eBook Customers: Less Testosterone Than You Think

October 22nd, 2007 · 9 Comments
by Kassia Krozser

[BS: The BS team is taking a well-deserved rest cure, but that doesn’t stop the fun around here (nothing stops the fun around here). We asked Malle Valik of Harlequin to discuss her company’s recent decision to release their full frontlist in ebook format. More specifically, we asked her to address the question of “who buys ebooks”? Fullish disclosure here: the question arose at a recent conference where, buoyed by just a drop of wine, we argued quite forcefully with a gentleman who assured us that women — especially women who don’t reside in major coastal cities — don’t read nor buy ebooks. Naturally, this statement runs counter to everything we know about ebook customers.]

We decided to go to 100% frontlist for a couple of key reasons. First our readers are buying eBooks and have been asking for a wider selection of titles. Also, we strongly believe that digital is a growth area for all publishers and the more titles offered by all publishers the more the eBook market as a whole will grow. As a result we are releasing more than 120 title a month. 120 is our frontlist, and then we publish some exclusive products (Spice Briefs and the Harlequin Mini) and put together bundles of backlist. That frequently adds up to 140 titles a month.

Women don’t select technology because they think it is cool; they embrace technology when they understand the benefits. The Harlequin customer is a woman; the fact that we are the first publisher to offer our complete frontlist as eBooks really shows that women are keen for this format because they understand the benefits – convenience, immediacy, portability and no need for more book shelves! What if it’s 2:00 a.m. Monday morning in the middle of snow storm if you suddenly experience a reading emergency [BS: Reading emergencies happen far more often than some people realize. You want to see abject panic? Steal all books from the house just as an avid reader is nearing the conclusion of her current book. Do not try this without proper safety equipment]? For example, you have finished reading Susan Mallery’s Silhouette Desire and have nothing else to read. You recall she also has a single title out from HQN. Voila! You can buy it, download it and start reading it without having to get changed, get in your car and drive. Immediate pleasure!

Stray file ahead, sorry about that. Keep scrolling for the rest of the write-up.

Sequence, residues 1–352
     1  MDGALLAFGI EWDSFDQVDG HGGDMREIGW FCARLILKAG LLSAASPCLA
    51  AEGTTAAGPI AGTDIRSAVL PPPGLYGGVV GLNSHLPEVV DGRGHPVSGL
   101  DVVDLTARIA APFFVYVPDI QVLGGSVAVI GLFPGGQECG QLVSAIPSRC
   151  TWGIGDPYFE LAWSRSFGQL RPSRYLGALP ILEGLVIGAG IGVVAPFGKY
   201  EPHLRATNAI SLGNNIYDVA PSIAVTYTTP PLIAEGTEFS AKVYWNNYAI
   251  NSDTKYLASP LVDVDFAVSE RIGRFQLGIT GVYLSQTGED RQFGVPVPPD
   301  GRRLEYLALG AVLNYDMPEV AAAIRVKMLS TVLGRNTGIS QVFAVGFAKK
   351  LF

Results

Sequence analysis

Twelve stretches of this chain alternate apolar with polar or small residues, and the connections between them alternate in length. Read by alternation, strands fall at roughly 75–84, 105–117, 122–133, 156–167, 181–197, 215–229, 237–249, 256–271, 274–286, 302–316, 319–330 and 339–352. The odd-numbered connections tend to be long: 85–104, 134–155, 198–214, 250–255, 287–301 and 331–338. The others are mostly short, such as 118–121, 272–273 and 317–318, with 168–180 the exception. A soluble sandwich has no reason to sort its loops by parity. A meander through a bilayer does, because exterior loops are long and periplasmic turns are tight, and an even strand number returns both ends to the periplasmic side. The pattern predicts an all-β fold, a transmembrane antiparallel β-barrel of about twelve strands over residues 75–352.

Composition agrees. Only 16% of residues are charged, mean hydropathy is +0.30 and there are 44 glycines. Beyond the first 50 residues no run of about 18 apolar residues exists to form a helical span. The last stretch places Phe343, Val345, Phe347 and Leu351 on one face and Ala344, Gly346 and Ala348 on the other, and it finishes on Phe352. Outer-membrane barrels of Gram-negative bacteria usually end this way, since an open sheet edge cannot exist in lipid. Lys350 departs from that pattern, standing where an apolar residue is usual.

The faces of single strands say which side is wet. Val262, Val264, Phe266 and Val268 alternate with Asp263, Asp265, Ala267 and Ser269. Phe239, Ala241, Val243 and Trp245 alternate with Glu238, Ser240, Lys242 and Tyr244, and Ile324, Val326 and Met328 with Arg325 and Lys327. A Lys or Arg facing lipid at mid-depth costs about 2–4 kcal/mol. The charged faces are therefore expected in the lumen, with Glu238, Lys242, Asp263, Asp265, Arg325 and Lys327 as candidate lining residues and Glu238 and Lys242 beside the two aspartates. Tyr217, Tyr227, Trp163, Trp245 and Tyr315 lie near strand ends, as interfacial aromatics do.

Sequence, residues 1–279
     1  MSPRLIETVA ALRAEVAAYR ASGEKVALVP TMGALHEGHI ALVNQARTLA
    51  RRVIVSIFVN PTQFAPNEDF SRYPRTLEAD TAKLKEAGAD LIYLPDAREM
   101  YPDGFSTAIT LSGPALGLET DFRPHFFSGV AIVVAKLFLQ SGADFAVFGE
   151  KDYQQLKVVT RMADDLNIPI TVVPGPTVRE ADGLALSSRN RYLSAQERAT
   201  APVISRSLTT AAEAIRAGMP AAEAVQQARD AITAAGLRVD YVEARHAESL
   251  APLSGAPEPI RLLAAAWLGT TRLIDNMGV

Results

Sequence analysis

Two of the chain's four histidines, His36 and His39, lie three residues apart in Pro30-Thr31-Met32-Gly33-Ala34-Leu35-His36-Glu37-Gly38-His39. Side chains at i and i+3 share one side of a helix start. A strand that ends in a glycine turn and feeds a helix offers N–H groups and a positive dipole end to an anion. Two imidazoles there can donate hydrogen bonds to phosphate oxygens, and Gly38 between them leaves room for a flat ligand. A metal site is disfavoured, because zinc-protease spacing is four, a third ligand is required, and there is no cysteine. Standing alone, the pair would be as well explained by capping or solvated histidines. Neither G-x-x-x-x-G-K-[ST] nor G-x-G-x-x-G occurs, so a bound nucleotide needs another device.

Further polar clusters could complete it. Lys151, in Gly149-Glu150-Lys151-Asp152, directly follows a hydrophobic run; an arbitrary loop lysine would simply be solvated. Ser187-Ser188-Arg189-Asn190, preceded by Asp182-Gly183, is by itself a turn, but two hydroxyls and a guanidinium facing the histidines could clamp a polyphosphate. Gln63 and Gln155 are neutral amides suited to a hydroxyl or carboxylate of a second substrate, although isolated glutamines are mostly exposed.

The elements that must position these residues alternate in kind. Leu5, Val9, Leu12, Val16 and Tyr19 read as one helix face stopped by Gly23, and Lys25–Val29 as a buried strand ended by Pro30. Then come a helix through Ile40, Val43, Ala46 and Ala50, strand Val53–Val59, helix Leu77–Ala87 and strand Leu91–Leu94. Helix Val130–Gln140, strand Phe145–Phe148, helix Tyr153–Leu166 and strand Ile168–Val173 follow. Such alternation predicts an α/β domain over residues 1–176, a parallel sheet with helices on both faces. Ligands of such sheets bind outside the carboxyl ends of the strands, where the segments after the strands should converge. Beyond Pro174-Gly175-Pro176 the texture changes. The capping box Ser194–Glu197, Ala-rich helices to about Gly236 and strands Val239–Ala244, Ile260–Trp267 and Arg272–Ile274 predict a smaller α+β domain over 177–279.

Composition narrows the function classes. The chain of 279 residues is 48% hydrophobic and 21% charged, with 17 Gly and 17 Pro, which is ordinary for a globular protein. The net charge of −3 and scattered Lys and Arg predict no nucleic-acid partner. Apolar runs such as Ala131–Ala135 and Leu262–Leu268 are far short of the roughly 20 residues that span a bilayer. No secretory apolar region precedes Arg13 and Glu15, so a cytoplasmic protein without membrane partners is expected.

eBooks are very well-suited to the needs of female readers; in fact, as we were entering this field in October 2005, the major eRetailers were encouraging us because romance was the fastest growing genre in eBooks. And the main reason for this is that romance readers are women; and the majority of these readers are avid readers. These are women who pack 10 books in a suitcase for a 4-day trip.

[BS: It helps the Harlequin is pricing their books just below the price of the print editions, plus discounts. eBook customers want pricing structures that reflect the format of what they’re purchasing; avid readers like those discussed by Malle invest serious dollars in books every month.]

We are very excited by ongoing developments in the eBook market that bring in more readers. New devices and marketing expertise are great. We are still waiting for the “tipping point” when eBooks become as universal as downloading music!

File Under: Non-Traditional Publishing

9 responses so far ↓

  • Diana Hunter // Oct 22, 2007 at 2:47 pm

    Your introductory comment about the “gentleman’s” remark that women don’t buy ebooks must be one of the same group that looks down their noses at the romance genre as a whole. Because while the publishers of other genre are sitting in their ivory towers sipping tea and discussing the latest “literary” offering, the rest of us are down here in the trenches, selling our books to plenty of women…and some men…some of whom reside in coastal cities and some who do not.